BY NATALIE ST. MARTIN
Artist, are you insightful? If I asked if you are creative, I am sure you would say yes. Our concept of art is often even defined by the word creativity. But what about insight? I propose that the artist needs not only creativity, but insight.
I am working with these two particular terms for a reason. I was prompted by a small book called, “Insight and Creativity in Christian Counseling” by Jay Adams. It is not a book about the arts; it is a call for developing skills in the discipline of practical biblical care and counseling. In this book, however, Adams defines these two terms and discusses their relationship in ways that I think would benefit the artist.
For counselors, the need for insight into people and their problems is a given; Adams has to take a bit more time to explain the counselor’s need for creativity. But for the artist, it is likely the other way around.
He starts with a careful definition: “As I use the word insight, it is a richer, fuller term than understanding, which may or may not refer to something at a level of depth. Insight includes understanding, but it is an understanding that reaches to everything essential in a situation and penetrates to every depth…the word insight refers to what is always true and complete” (Adams, 3).
Does the artist need this kind of understanding? For the counselor, someone has come to you asking for help, and you need to be able to give them something substantial and true – anything less would be potentially harmful. Adams proposes that the counselor must take time to study typical human problems, to read and learn about people in general, and then to carefully gather data about this particular person and sort through it, analyzing it to see into what is truly happening, what needs to change, and how.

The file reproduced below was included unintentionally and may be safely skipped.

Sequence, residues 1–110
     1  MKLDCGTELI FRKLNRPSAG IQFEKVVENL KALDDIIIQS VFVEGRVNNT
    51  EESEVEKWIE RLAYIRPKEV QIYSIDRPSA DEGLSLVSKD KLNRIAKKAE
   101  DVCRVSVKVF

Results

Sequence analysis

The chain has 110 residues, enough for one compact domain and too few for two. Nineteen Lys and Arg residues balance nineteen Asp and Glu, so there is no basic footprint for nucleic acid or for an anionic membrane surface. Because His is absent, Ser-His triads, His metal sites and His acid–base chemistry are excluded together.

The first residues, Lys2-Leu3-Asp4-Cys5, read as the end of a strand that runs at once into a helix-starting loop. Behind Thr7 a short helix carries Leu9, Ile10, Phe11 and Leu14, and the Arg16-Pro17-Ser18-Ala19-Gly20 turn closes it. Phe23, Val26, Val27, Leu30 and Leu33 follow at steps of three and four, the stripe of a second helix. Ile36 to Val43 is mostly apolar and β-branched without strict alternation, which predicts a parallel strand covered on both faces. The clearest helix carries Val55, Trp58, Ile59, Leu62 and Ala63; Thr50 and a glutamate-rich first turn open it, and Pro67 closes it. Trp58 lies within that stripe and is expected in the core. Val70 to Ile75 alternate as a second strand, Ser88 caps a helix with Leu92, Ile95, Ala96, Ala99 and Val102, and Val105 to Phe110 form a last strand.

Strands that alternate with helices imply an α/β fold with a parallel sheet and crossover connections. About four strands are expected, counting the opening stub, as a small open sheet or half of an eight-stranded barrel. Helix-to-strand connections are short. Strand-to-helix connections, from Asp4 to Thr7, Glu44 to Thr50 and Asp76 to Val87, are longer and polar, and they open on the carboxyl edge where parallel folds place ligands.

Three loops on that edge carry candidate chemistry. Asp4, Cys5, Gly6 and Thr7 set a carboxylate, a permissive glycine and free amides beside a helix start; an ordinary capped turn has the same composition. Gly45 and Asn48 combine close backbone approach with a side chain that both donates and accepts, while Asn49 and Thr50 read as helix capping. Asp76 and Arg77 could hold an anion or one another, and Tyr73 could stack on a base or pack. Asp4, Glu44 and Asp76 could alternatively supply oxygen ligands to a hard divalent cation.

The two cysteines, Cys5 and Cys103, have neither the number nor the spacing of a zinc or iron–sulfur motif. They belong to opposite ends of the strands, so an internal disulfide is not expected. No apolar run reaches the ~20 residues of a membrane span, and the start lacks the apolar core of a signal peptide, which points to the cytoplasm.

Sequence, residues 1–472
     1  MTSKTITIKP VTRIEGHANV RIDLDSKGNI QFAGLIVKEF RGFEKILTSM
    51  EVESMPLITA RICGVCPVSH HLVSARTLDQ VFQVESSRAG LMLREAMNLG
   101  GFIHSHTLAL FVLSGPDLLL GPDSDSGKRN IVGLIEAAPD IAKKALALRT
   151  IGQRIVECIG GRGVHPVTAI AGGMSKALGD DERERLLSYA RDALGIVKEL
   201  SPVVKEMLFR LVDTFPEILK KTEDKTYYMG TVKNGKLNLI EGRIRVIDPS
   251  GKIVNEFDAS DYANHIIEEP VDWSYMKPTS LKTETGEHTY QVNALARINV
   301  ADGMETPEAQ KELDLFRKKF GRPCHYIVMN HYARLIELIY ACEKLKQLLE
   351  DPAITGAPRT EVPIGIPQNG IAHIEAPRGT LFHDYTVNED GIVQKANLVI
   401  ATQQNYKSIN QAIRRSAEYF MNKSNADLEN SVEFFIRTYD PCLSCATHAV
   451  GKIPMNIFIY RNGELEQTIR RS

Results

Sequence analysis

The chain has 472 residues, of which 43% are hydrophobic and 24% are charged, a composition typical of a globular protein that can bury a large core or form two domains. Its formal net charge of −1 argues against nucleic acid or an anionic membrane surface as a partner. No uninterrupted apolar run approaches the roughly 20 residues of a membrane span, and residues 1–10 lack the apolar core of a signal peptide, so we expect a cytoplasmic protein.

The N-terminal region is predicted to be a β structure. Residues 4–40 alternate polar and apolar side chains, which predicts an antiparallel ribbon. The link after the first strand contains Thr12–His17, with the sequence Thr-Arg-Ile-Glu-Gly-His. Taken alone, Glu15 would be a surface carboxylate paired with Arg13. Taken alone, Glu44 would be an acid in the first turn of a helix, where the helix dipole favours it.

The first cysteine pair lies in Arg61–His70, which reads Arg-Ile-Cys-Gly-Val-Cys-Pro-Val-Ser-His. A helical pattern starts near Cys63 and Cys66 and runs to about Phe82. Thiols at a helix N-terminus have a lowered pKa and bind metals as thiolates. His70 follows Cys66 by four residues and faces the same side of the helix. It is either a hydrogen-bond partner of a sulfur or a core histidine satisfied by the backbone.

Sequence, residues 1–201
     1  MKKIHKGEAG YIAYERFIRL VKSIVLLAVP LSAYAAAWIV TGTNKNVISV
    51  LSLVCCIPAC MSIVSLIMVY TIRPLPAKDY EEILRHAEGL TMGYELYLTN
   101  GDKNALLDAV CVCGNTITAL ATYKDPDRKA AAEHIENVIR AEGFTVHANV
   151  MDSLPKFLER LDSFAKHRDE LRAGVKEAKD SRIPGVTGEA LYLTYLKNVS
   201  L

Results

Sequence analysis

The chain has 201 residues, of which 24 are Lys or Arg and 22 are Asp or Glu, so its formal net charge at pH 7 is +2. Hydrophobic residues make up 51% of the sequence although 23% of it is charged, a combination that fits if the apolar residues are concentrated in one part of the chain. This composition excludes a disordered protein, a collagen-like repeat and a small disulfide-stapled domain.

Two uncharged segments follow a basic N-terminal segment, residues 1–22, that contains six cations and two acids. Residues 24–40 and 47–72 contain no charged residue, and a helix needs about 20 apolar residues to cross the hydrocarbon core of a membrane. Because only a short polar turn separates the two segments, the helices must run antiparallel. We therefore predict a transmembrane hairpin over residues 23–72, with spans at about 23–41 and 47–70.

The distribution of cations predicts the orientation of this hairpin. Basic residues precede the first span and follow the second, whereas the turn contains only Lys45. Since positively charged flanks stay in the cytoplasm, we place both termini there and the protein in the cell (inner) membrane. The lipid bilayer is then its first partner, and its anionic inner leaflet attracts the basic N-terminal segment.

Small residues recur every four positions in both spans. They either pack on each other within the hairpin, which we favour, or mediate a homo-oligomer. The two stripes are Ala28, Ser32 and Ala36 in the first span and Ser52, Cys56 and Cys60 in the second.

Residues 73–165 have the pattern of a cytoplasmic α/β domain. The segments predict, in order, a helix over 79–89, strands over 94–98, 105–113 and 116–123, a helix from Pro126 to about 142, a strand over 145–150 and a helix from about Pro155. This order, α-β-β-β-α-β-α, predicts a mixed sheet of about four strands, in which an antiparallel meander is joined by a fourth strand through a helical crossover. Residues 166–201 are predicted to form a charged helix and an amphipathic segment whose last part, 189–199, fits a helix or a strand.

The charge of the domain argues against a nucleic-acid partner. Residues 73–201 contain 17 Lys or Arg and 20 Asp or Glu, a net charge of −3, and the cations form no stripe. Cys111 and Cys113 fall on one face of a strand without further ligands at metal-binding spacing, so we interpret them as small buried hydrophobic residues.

Many artists want to help people, even if people are not necessarily coming to the artist with their problems in a counseling room. You want to be able to express the truth of who God is and who people are, and to work within relationships in a way that is actually loving and helpful. And you don’t just need to know details, but to know what details matter and why.
While insight takes things apart to look at everything carefully and selectively, creativity is about synthesis – taking many different parts and putting them together in new ways.
Creativity fits together things that might not at first appear related, and applies age-old truths to the particulars of a situation – in fresh ways.
But creativity without insight is problematic: what if you creatively answered a question that no one was asking? What if you fixed a problem that was merely a distraction from the real problem? What if you rearranged the elements of something that didn’t need to be made in the first place?
Many times we want to rush the process of gaining insight because we think that creativity is more fun. Artists need to immerse themselves in the kind of study and analysis that leads to insight, I believe, in order to truly enjoy and succeed in the experimentation and synthesis that leads to creativity.
Do you actually understand the problem that you want to creatively address or speak to as an artist? Do you know who you are speaking to? What are their questions, and why are they asking them? What are they facing? What input have they already received? How do they see God? How do you see God? Artist, you need insight every bit as much as creativity.
I think that artists sometimes think that creativity exists on its own – that variation is the only pattern. But the problems of people and the world remain the same, age in and age out, even though they also vary in language, appearance, and style with each culture and each individual. How can you, artist, learn about the age-old truths of God and people in order to have the insight you need to create fresh and helpful works that speak to the particular people around you?